Promoters estimate noise levels will not exceed 72 decibels (dB), a level deemed acceptable for recreational water use by Padre Dam, which approved the project unanimously about a year ago. But Lively cites a U.S. Environmental Protection Agency Noise Effect Handbook, which says average community reaction at 60 decibels is slight to moderate, and just 2 dB below levels of “significant complaints and threats of legal action.” AT 75 dB, impacts on a community are “very severe”.
 

 

A noise survey conducted for this project found “it only took five kids to put out 72 decibels of noise over at mist park (an existing water playground at Santee Lakes),” Lively said. “Can you just imagine what 20 or 100 people will put out?” Several residents also voiced concerns over potential use of megaphones or amplified sound at competitions or other events. Lively noted that community noise can lead to negative emotions such as depression, anxiety and aggression, the World Health Organization has found.
 

 

The survey suggests trees in between the project and homes will serve as a noise barrier. But Lively countered, “We can hear the employees talking and even tell what radio station they are listening to now. This is on record with the City Council. The woman two doors down from me has complained about the trucks, the slam bam all day long from the utility yard, and they gave her ear plugs.”
Lively has sent a letter to the City’s principal planner stating that he believes the cable ski park would create a public nuisance under the California Civil Code. He proposed an alternate location for the activities. “Fanita Ranch plans on building a ten-acre lake,” he said of a planned residential community. “Why don’t they put it there, out of harm’s way?”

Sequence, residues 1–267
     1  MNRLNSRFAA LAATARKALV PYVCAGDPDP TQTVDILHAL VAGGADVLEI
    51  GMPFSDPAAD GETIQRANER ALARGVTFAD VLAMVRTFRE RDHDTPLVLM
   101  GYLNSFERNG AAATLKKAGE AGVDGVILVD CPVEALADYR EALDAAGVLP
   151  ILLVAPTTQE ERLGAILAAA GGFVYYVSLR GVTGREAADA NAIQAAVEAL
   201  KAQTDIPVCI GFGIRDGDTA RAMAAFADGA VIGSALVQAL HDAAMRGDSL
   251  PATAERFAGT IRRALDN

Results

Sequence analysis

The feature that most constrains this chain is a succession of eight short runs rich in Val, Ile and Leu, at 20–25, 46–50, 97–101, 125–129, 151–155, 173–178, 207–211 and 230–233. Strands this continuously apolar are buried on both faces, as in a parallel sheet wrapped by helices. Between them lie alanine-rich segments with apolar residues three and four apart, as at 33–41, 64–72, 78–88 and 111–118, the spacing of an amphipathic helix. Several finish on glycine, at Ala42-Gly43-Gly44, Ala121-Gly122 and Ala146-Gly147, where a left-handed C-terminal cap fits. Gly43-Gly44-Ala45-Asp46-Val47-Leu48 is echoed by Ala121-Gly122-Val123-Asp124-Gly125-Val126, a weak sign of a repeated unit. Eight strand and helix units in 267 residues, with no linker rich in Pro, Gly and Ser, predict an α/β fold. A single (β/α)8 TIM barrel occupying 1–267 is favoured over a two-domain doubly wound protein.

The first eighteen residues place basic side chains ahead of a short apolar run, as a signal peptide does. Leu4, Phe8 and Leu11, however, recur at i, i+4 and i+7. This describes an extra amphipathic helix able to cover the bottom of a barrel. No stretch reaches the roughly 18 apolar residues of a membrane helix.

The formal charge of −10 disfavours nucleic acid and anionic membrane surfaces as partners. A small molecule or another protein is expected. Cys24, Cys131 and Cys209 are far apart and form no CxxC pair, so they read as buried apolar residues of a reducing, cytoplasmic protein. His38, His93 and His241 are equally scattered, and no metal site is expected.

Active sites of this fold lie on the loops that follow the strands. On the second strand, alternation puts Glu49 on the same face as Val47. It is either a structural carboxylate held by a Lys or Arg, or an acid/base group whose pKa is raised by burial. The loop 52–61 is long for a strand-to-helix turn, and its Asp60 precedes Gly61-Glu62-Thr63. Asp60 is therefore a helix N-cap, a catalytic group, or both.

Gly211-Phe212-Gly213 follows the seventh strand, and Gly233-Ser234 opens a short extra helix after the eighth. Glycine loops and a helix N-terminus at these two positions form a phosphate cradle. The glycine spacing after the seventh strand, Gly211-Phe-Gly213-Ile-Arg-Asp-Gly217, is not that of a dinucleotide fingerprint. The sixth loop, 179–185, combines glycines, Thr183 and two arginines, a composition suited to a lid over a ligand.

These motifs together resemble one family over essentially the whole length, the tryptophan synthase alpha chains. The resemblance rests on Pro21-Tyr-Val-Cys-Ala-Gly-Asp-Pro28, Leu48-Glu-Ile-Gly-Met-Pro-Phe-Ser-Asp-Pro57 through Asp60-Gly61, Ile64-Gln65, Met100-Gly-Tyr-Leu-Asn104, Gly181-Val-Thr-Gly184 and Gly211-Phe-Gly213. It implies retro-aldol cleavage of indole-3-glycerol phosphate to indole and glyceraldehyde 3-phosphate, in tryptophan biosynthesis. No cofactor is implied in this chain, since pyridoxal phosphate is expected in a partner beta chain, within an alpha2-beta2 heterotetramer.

Some voiced doubts that the water would be safe for swimmers on wakeboards or water skis. Supporters say the lake would most likely have water from a well, but could have treated wastewater tested to assure safety for human contact.  Others raise concern over alcohol to be served at the restaurant, citing narrow roads and potential for drunk-driving accidents or intoxicated cable-skiers.
 

 

Impacts on wildlife and the environment are also of concern.
 

 

“I feel it will change our whole ecosystem,” said Julie Naggar, an Audobon Society member who lives near Lake Four and enjoys bird-watching at the Lakes. “This side of Santee has one of the most diverse avian ecosystems….We get the migratory pelicans that come every November through April. I love watching them come in. I’m concerned about them getting hung up on the cables, or our owls at night.”
Cormorants and other birds nest on an island in Lake One, she noted. “They are going to completely destroy it,” she said.
 

 

Carlisle said destruction of freshwater riparian habitat could occur, but that if so, state law would require mitigation. That could include restoring habitat on another lake, or purchasing mitigation for land off-site.
 

 

Jim Peugh, conservation chair and board member of the San Diego Audobon Society, shares Naggar’s concern. “The EIR (environmental impact report) said there would be no impact on wildlife. We don’t think that’s true,” he told East County Magazine. “We think the operation will result in scaring birds away, so there will be less wildlife there, and also we think there will be some bird fatalities.” Egrets and some other large birds that frequent the lake tend to fly in straight lines and don’t maneuver well, he said. “They are apt to fly into the tow lines and the rigging.”
 

 

Peugh doesn’t believe reports from other cable ski parks that claim no significant impact on birds. Injured birds typically seek shelter in bushes, where foxes, cats or other predators find and eat them. He estimates that only one out of every eight to ten bird injuries is ever found or reported.
 

 

He also faulted Padre for clearing foliage from shorelines elsewere in Santee Lakes, eliminating bird habitat. “They say they did that for fishermen, but the fishermen we talked to were clustered around the vegetation that was left,” said Peugh, who wants Padre to provide habitat restoration at other lakes in the park as mitigation if the cable ski project is approved.